Robert Frost, a respected associate professor in the School of Information and member of the University’s lead faculty governing body, passed away on Saturday in his Ann Arbor home after battling colon cancer. He was 58 years old.

Robert Frost

School of Information Dean Jeffrey MacKie-Mason wrote in a statement released by the school yesterday that Frost was an influential professor who had a significant impact on the lives of many undergraduates.

“Many (students) say that he had a transformative impact on their choice of major and career,” MacKie-Mason wrote. “Bob was passionate about teaching, about his students, and about our school.”

According to the School of Information website, Frost’s professional interests were in industrial rationalization, industrial informatics and gender and information technology, among other areas.

Frost was the great-grandson of the famous poet Robert Frost. Frost and his wife Margaret Hedstrom, associate dean for academic programs and a professor in the School of Information, established the Frost Open Access Fund — a program that enables open access projects to use the royalties from Frost’s great-grandfather’s work.

Frost was also an active member of the Senate Advisory Committee on University Affairs — on which he helped make key decisions that affect University faculty — for more than two years. SACUA members spoke in memory of Frost at their weekly meeting yesterday afternoon.

SACUA Chair Ed Rothman said Frost was always enthusiastic about his work with the organization, particularly in his involvement with the Native American Graves Protection and Repatriation Act, a federal law which mandates how museums handle and record artifacts from Native American tribes.

“Bob’s great strength and caring attitude in the face of his illness were an inspiration to us all,” Rothman said.

SACUA member Kate Barald, a professor in the University’s Medical School and College of Engineering, fondly remembered sitting with Frost at meetings where she said he “always hit the nail on the head” with his great sense of humor and reasoning skills.

SACUA member Stephen Lusmann, an associate professor of music, said Frost fought cancer without self-pity and that he will miss him as a colleague and fellow jazz enthusiast.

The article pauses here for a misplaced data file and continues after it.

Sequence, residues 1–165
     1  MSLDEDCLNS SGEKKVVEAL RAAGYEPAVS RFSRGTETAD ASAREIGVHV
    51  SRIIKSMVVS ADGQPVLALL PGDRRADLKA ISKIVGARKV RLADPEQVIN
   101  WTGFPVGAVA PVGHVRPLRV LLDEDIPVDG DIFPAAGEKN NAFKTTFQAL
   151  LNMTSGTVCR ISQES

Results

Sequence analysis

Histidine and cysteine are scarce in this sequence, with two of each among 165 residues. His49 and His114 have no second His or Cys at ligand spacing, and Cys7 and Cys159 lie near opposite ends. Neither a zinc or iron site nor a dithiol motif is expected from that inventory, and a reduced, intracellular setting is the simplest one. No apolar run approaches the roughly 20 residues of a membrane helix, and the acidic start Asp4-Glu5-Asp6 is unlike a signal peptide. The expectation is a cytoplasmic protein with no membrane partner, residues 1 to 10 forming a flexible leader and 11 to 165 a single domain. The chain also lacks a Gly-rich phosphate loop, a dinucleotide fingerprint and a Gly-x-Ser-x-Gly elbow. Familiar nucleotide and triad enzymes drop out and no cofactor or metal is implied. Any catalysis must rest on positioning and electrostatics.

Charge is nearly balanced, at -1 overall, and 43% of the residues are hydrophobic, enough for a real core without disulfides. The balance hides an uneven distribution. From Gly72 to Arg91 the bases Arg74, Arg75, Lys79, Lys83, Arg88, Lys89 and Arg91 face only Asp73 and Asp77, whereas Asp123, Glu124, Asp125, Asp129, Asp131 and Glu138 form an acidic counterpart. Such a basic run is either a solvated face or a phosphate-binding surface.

A Bethesda, Md. native, Frost was born on Oct. 25, 1952. He completed his undergraduate degree at Grinnell College, where he met his wife. Frost and Hedstrom were married in 1976.

Prior to coming to the University, Frost was an associate professor at State University of New York at Albany. Throughout his career, he held various positions at higher education institutions including Carthage College, Wabash College and American University.

Frost received graduate degrees from the University of Wisconsin–Madison and had several visiting assistant professorships before coming to the University of Michigan in 1995, when he was an associate visiting professor of history. He began teaching in the School of Information in 2000 and became an associate professor in 2003.

Frost was diagnosed with cancer more than two years ago. However, he still taught classes in the School of Information during the time.

Students and colleagues created a Relay for Life group called Team Frost to fundraise for cancer research in honor of him. Rackham student KT Lowe, who is on the Relay for Life team, took two courses with Frost and considered him a friend as well as a committed professor.

“Bob was brilliant and wasn’t afraid to be brilliant,” Lowe wrote in an e-mail interview.

Lowe said the Relay team has raised $6,000 so far, but the team members’ goal is to reach $10,000 before the event on April 9.

Jay Jackson, editor senior in the School of Information’s Office of Development and External Relations, wrote about Frost’s passing on the school’s blog, the SI Informant. Jackson wrote about Frost’s legacy and provided a link in the blog to donate to the American Cancer Society.

“Those who knew (Frost) will always remember him for his forthright manner, his deep concern for the welfare of others, and his unwavering commitment to teaching,” Jackson wrote in the blog.

Frost is survived by his wife, Margaret Hedstrom, an associate dean for academic affairs at the School of Information.

— Daily Staff Reporter Rachel Brusstar contributed to this report.

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